10 Things You Should Know About Supreme Court Nominee Elena Kagan

I’ve already heard her name about 16 times today. So who is Elena Kagan, Obama’s nomination for the 112th justice of the Supreme Court, and what is she all about? After the jump, 10 facts you should know about the next woman who may sit on our highest bench.

  1. Kagan has never actually been a judge, but she was a lawyer educated at Princeton, Oxford, and Harvard.
  2. She was the first female dean of Harvard Law School. During her time there, she was known for improving student satisfaction, smoothing out faculty relations, building a new academic center, and (my favorite) adding free morning coffee for students.
  3. She’s a Jewish native New Yorker who has never been married and has no children.
  4. Her parents were the children of immigrants and both the first in their families to go to college. Her father was a lawyer and her mother a public school teacher, as are her two brothers.
  5. At the age of 50, she would be the youngest Supreme Court justice on the bench in decades.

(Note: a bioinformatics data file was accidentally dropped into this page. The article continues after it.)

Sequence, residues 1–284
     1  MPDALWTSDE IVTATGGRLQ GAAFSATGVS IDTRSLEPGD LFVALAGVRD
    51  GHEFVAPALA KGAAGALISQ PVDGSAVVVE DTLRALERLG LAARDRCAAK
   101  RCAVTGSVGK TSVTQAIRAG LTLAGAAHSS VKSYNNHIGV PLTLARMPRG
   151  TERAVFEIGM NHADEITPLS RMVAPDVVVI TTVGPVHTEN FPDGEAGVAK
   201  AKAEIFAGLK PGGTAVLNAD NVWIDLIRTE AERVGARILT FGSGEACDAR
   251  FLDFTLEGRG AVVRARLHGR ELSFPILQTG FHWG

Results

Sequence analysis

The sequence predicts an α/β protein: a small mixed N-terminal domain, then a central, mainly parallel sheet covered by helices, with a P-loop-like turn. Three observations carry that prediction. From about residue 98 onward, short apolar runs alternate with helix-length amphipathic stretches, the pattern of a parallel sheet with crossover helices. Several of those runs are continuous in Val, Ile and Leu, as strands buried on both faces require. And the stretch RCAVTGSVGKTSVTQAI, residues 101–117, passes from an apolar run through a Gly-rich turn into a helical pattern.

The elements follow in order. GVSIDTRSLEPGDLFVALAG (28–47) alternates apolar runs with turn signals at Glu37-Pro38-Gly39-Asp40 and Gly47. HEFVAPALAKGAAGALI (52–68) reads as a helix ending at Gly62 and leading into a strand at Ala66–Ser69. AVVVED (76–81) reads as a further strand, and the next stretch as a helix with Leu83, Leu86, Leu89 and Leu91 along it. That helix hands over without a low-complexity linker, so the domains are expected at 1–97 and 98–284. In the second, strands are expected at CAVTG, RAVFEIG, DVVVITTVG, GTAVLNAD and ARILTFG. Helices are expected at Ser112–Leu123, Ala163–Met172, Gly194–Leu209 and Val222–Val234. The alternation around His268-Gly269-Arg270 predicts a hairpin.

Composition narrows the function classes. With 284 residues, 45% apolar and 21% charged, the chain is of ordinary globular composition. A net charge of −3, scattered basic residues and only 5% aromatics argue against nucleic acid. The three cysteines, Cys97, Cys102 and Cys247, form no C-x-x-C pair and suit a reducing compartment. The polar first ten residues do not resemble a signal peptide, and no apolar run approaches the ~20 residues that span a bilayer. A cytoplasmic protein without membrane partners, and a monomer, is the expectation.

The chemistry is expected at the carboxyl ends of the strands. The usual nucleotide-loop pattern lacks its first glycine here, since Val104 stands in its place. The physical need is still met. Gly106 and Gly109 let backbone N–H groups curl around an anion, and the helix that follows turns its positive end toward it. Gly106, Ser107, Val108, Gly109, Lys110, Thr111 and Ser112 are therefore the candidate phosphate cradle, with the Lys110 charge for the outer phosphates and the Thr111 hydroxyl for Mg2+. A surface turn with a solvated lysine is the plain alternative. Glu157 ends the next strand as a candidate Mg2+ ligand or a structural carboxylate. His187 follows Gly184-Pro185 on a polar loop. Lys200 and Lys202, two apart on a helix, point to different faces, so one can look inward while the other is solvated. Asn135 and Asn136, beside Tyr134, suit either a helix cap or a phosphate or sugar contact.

6. In March of last year, Obama named Kagan the first female Solicitor General, the government’s top lawyer often referred to as “the 10th justice.”
  7. In her confirmation hearing last year, she stated that she did not believe there was a constitutional right to same-sex marriage, that she was not morally opposed to capital punishment, and that she does not think the decision to support the Second Amendment right for private gun ownership was faulty.
  8. If confirmed, Kagan would be the second Solicitor General to join the Supreme Court since civil rights icon Thurgood Marshall in 1967. Kagan actually clerked for Marshall in 1987. His nickname for her was “Shorty.”
  9. Her most controversial stance was challenging the Solomon Amendment, which requires federally funded universities to cooperate with military recruiters on campus. She argued that the military’s ban on gays violated the law school’s right to prohibit employers who discriminate on the basis of sexual orientation. She also has gone on record saying that the military’s ban on gays is a “moral injustice of the first order.”
  10. “Through most of my professional life, I’ve had the simple joy of teaching, of trying to communicate to students why I so loved the law: not just because it’s challenging and endlessly interesting, although it certainly is that, but because law matters, because it keeps us safe, because it protects our most fundamental rights and freedoms, and because it is the foundation of our democracy,” Kagan said at her nomination acceptance speech.

[Washington Post]